Traveler Apps: Hungry? Shake A Phone
04/12/2011 4:24 PM
04/12/2011 4:24 PM
—UrbanSpoon (free; iPhone, Android, BlackBerry)
What it is: Still a great, dependable way to find restaurants in North America.
Why it's great: Feeling lucky? Shake your iPhone, and UrbanSpoon will dial up a choice and offer reviews and pricing information of restaurants nearby. See photos of dishes from restaurants to whet your appetite.
Why you might hesitate: You shouldn't. This tried-and-true app should be on your phone, whether you're a foodie or not.
Whom it's for: Anybody looking for a good restaurant.
—Zipcar (free; iPhone)
What it is: A way for Zipcar members to find available cars nearby (and honk the horn of the reserved car if it's lost in a parking lot) and a way for nonmembers to learn whether the car-sharing agency would work for them — i.e., whether a Zipcar lot is close enough to be useful.
Why it's great: A recent update fixed a few problems, so it's easier to get maps with car locations and to make reservations. Zipcar membership can be had for an annual fee of $50 to $60, and hourly rates run about $7 to $10. Daily rates are $68 to $76, and all rentals include gas (you have to leave the car full), insurance and 180 miles of travel before a surcharge kicks in. Zipcars are in a dozen large cities and college towns across the U.S.
Why you might hesitate: The app can be balky, but it's a free download and worth a try. If you're a member, just make sure you bookmark zipcars.com in your phone, in case the app frustrates you.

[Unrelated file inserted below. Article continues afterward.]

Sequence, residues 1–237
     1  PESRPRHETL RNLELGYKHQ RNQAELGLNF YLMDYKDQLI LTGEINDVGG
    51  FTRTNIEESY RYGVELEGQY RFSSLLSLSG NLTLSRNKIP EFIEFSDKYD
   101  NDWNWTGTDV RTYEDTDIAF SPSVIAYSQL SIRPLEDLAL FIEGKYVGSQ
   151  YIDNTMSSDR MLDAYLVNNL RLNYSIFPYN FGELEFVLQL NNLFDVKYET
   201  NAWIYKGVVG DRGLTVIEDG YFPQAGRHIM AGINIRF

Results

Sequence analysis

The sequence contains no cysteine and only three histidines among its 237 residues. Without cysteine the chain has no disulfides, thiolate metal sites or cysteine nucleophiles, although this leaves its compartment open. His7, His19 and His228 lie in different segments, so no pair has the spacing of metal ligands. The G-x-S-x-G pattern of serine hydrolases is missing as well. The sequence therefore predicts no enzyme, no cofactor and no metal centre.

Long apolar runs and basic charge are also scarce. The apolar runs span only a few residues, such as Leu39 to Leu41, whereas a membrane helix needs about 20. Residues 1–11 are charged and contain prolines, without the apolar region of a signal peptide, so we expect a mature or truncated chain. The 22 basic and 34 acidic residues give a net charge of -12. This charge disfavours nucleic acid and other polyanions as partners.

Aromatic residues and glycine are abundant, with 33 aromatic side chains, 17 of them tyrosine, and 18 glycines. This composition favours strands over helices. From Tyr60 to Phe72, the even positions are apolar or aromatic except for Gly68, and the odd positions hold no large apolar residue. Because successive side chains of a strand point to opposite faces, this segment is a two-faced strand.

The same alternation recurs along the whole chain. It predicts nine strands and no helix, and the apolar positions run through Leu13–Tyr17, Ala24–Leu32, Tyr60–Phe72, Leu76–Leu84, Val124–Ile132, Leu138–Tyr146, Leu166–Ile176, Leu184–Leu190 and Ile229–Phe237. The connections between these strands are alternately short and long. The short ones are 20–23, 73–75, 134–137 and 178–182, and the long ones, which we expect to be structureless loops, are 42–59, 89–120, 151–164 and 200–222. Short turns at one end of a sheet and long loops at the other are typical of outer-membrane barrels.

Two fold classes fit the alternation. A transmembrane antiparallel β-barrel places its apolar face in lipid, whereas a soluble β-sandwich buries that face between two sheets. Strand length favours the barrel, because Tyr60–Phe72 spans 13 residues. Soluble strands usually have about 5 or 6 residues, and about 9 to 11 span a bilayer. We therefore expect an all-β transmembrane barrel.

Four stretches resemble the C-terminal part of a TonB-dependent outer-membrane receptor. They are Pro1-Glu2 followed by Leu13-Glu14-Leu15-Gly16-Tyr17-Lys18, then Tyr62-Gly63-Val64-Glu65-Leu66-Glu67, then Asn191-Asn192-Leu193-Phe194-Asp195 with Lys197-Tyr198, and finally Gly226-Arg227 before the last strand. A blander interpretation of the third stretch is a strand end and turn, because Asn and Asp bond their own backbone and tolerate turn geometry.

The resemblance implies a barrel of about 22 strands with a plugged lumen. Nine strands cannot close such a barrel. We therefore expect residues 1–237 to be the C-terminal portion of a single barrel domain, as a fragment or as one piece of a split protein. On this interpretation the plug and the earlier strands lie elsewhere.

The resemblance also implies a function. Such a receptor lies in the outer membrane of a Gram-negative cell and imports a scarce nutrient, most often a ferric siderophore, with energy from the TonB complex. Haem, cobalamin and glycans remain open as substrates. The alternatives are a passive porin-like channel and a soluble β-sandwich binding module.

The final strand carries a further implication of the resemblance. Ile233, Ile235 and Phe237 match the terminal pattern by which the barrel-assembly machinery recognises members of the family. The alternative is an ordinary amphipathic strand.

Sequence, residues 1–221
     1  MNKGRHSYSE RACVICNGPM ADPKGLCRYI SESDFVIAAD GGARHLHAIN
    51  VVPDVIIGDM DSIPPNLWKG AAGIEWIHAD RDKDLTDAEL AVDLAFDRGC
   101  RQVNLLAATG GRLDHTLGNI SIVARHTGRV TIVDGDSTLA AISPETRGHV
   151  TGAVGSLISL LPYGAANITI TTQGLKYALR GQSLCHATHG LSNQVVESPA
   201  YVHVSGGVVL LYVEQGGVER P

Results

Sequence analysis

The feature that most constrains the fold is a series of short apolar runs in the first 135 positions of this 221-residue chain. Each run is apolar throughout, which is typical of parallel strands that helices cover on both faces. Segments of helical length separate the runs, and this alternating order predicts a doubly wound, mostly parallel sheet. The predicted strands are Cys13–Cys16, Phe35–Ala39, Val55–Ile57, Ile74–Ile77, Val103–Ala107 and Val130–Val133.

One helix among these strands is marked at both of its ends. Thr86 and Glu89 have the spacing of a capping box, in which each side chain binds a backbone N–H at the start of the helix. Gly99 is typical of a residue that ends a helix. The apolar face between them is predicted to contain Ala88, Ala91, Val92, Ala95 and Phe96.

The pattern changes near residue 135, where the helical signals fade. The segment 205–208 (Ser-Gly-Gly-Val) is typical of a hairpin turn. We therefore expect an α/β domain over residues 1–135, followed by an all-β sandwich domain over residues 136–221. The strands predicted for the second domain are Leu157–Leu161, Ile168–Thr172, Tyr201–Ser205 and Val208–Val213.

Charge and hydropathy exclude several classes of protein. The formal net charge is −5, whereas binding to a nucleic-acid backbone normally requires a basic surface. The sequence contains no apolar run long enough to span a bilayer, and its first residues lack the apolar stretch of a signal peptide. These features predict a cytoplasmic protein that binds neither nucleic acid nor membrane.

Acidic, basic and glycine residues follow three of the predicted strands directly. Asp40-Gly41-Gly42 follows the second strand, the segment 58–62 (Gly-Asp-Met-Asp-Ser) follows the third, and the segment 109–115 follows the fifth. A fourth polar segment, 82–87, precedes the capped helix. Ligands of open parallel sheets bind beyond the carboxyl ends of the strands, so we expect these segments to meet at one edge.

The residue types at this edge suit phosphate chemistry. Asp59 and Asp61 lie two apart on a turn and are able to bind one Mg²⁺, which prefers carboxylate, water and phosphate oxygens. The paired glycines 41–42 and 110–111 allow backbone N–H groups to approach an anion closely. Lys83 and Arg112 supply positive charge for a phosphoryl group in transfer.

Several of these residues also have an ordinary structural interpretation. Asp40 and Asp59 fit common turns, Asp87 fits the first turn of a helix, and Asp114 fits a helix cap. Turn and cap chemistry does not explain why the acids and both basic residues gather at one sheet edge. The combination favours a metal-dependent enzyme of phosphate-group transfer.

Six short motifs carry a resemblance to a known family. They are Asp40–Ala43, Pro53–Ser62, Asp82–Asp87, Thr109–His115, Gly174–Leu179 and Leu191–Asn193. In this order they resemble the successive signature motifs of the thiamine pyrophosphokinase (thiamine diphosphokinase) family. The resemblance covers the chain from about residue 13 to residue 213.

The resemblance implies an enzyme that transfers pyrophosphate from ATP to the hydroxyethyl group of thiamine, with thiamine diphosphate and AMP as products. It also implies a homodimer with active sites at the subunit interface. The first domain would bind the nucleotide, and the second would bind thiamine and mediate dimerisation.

Whom it's for: Anyone who needs wheels occasionally, including travelers in cities served by Zipcar.
—WordLens (free; iPhone)
What it is: An instant translator, using your camera.
Why it's great: After you've launched WordLens, hold your camera up to foreign words to get a near-instant translation. It's a lifesaver for travelers abroad or in ethnic parts of town where authentic cuisine usually abounds. It translates menus and signs and text in books quickly and in most cases accurately.
Why you might hesitate: WordLens has trouble with handwritten words and sometimes can discern words where none exist, like the time I trained my camera on a crocheted throw and WordLens spat out alphabetic gibberish. Entertaining, however.
Whom it's for: Adventurous travelers who want to leave their bilingual dictionaries behind.